Chinese White Hats Win $200,000 for Hacking iPhones, Google Devices
The Pwn2Own contest, a hackathon run by security firm Trend Micro’s Zero Day Initiative (ZDI) in Japan sees this year’s winners in Keen Lab, a popular crew of Chinese hackers who hacked Apple’s iPhone and Google’s Nexus device.
Keen Lab compromised the iPhone 6s by targeting two iOS vulnerabilities to steal pictures from an iPhone, according to Forbes. For that hack alone, they were awarded $52,500. Furthermore, they also installed a rogue application on the iPhone 6s. However, that app did not survive beyond a reboot of the phone, due to a default iPhone security configuration that prevented persistence of malware. Still, ZDI bought the bugs used by the hackers for $60,000.
A blog from Trend Micro revealed:
Keen Labs leveraged a use-after-free (UAF) bug in the renderer and a memory corruption bug in the sandbox to take photos off an iPhone 6S.
Meanwhile, the Nexus 6P saw Keen Lab install a malicious app on the device before repeating the attack three times. For this specific hack, they received an eye-watering sum of $102,500. Keen combined two separate bugs, along with other vulnerabilities that remain unveiled, on the Android platform.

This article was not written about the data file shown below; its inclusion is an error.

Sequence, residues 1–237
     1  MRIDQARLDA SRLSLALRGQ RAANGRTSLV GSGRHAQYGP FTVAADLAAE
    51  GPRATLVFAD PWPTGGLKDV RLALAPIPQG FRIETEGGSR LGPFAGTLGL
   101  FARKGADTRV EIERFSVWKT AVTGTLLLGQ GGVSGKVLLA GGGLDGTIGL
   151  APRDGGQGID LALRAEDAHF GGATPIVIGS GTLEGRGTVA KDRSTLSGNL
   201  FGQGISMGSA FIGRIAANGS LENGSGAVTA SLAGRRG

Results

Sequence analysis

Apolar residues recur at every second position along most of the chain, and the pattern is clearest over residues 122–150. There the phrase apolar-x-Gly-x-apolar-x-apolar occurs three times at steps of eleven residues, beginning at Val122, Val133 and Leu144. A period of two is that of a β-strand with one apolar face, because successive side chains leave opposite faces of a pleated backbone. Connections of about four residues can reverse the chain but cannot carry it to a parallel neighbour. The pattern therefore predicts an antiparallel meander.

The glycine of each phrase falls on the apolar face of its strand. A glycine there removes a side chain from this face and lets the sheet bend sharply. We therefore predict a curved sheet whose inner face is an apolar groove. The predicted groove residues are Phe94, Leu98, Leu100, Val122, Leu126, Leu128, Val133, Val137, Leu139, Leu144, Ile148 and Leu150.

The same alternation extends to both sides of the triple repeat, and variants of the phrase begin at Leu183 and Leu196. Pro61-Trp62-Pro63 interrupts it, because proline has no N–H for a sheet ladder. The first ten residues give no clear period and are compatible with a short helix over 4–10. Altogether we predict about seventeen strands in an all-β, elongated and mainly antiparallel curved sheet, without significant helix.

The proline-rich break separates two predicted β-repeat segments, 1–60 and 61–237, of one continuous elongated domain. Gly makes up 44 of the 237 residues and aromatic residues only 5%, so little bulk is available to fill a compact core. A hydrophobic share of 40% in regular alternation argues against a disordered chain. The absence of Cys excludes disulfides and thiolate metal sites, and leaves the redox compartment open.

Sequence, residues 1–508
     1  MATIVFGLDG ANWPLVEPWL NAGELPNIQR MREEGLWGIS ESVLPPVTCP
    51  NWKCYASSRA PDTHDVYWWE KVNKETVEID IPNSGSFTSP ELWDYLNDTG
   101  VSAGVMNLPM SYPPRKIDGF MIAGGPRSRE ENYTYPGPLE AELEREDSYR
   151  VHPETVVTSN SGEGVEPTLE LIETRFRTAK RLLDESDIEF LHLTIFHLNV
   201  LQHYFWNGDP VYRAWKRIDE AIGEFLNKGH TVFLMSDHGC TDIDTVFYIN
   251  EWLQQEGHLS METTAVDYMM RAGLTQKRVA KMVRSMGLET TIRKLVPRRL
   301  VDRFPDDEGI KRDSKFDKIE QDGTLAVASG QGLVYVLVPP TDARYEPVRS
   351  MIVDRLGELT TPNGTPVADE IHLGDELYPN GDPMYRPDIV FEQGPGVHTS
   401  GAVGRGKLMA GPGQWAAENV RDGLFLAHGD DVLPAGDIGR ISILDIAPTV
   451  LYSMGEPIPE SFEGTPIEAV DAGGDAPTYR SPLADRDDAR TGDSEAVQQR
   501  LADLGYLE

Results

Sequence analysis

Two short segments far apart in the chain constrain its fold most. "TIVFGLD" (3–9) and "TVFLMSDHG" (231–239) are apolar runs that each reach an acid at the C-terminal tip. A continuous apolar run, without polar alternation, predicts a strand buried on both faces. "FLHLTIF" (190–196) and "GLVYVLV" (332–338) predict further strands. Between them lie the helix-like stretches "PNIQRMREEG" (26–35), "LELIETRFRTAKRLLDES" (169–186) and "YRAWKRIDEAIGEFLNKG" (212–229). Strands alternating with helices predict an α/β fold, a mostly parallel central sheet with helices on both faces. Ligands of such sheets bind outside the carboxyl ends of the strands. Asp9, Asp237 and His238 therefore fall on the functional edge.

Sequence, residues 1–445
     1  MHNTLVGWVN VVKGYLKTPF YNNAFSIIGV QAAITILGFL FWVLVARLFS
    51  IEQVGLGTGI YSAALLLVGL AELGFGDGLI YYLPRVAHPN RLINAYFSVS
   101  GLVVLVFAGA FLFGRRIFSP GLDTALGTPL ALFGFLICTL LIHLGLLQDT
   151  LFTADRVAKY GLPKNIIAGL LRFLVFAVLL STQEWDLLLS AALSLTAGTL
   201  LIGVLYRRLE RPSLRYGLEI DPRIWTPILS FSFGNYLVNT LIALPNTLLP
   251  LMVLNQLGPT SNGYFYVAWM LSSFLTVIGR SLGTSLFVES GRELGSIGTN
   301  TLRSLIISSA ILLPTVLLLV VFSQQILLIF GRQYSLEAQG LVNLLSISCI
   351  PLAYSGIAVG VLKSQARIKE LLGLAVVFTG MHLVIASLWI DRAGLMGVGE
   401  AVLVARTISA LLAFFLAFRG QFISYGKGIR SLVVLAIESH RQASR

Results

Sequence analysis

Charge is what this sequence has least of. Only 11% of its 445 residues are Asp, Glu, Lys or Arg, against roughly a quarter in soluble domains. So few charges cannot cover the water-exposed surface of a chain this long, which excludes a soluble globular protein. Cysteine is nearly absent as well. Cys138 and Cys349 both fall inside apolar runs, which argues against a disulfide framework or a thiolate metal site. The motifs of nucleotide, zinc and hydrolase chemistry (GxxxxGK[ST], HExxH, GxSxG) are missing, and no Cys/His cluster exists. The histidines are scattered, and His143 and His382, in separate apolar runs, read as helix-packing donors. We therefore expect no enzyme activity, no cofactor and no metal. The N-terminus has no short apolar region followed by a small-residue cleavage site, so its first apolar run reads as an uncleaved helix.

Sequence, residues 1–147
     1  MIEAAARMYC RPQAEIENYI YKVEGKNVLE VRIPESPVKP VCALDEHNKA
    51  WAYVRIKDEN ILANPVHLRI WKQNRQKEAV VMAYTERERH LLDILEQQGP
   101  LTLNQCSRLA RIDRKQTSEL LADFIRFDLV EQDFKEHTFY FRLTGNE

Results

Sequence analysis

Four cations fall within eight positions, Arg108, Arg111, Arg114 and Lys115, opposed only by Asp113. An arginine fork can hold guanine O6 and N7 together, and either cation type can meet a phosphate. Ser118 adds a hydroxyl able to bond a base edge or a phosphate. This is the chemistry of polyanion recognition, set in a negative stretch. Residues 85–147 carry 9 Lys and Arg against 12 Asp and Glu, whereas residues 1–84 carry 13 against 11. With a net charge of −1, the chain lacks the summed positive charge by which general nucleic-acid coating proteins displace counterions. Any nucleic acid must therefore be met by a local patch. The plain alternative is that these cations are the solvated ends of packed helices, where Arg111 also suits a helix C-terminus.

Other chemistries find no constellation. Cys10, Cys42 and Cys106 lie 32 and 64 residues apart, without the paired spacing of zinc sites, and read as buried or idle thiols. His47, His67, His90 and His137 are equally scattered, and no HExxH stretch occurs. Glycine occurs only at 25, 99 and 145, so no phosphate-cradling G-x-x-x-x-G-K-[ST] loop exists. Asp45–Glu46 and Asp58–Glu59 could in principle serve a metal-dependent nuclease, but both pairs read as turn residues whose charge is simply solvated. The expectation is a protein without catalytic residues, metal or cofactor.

ZDI chief Brian Gorenc spoke about Keen’s research to find vulnerabilities, stating:
These are critical in nature as they allow an attacker to disclose sensitive information or install a malicious application. We’ve seen similar exploits recently used in the wild.
Furthermore, he noted that all the successful exploits showcased during the hacking event were triggered by routing a connection to a malicious website via a web browser. While the exploits aren’t trivial to develop, particularly with the iOS platform, the damning fact still underlines the ease in which an unsuspecting target can turn into a victim.
As white-hat hacking endeavors go, the vulnerabilities were instantly disclosed to Apple and Google, the developers behind two of the biggest mobile platforms in the world. While patches are currently being developed, it could be months before a patch is revealed while the exploit is plugged, Gorenc added.
Keen Lab are perhaps most notable for their much-publicized hacking exploits of the Tesla Model S this year.
The group of Chinese hackers devised a contactless remote control that went on to open the Tesla’s sunroof, initiate its steering lamp and move the car’s seats, all from afar, in one experiment. The other exploit showcased saw the hackers’ ability to take over complete control of the car, away from the driver in the vehicle.
Featured image from Pexels.